Looking at Uber's brief history of labor violations and the protests, it seems that no press is bad press. Now we know that for Uber, no money is bad money, either.
On Wednesday afternoon, Uber announced that it nabbed a $3.5 billion investment from the Saudi Public Investment Fund, the investing arm of the Saudi Arabian government. The Saudi fund will have a share of Uber's ownership — cashing out on Uber if it gets bought or goes public — and the fund's manager will join Uber's board.
"Our experience in Saudi Arabia is a great example of how Uber can benefit riders, drivers and cities and we look forward to partnering to support their economic and social reforms," Uber CEO Travis Kalanick wrote in a statement to the New York Times.
Uber's had a great experience in Saudi Arabia, finding a fervent fan base among Saudi women, who make up 70% to 90% of Uber users in the country. Why are Saudi women such big fans of Uber?
Global domination: This is the most recent development in a long, soiled history of human rights issues Uber has faced, especially regarding women.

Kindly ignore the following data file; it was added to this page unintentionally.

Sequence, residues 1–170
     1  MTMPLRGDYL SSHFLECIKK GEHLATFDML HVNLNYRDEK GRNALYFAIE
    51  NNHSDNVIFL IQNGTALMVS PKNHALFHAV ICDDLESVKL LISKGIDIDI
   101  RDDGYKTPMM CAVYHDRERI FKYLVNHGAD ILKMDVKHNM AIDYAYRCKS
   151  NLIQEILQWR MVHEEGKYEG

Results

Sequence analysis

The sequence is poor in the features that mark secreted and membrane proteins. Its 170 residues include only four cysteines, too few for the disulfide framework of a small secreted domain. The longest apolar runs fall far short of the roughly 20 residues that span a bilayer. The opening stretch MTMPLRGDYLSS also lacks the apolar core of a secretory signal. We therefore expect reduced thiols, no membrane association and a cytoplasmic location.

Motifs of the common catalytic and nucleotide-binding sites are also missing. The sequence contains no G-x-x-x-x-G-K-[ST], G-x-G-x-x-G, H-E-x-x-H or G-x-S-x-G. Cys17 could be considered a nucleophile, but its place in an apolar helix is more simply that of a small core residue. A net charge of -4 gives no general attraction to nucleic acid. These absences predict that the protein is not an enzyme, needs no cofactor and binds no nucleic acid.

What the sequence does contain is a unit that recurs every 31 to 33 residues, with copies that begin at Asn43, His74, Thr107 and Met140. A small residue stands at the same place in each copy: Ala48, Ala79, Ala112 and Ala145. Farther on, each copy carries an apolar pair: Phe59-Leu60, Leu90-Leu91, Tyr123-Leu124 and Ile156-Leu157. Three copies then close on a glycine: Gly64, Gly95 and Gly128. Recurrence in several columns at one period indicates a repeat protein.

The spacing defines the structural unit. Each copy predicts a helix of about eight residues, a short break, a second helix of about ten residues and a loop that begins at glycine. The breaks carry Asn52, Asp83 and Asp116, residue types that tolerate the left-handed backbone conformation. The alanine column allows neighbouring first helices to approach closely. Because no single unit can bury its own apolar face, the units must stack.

Women have been regularly sexually assaulted by drivers who critics claim haven't been sufficiently background-checked. Uber's lost-and-found feature has been used to harass female drivers and Uber executives have threatened to stalk an expose female journalists' private information.
This is to say nothing of the worldwide protests against Uber's exploitation of labor markets that have people flipping over cars on the highway and lighting them on fire.
But none of these things have slowed Uber's success worldwide, or caused the company to flinch in its claims that Uber is good for both women and the poor, even when the data doesn't prove that. If anything, its newfound billions — $11 billion in total now — will only add fuel to Uber's rapidly spreading fire.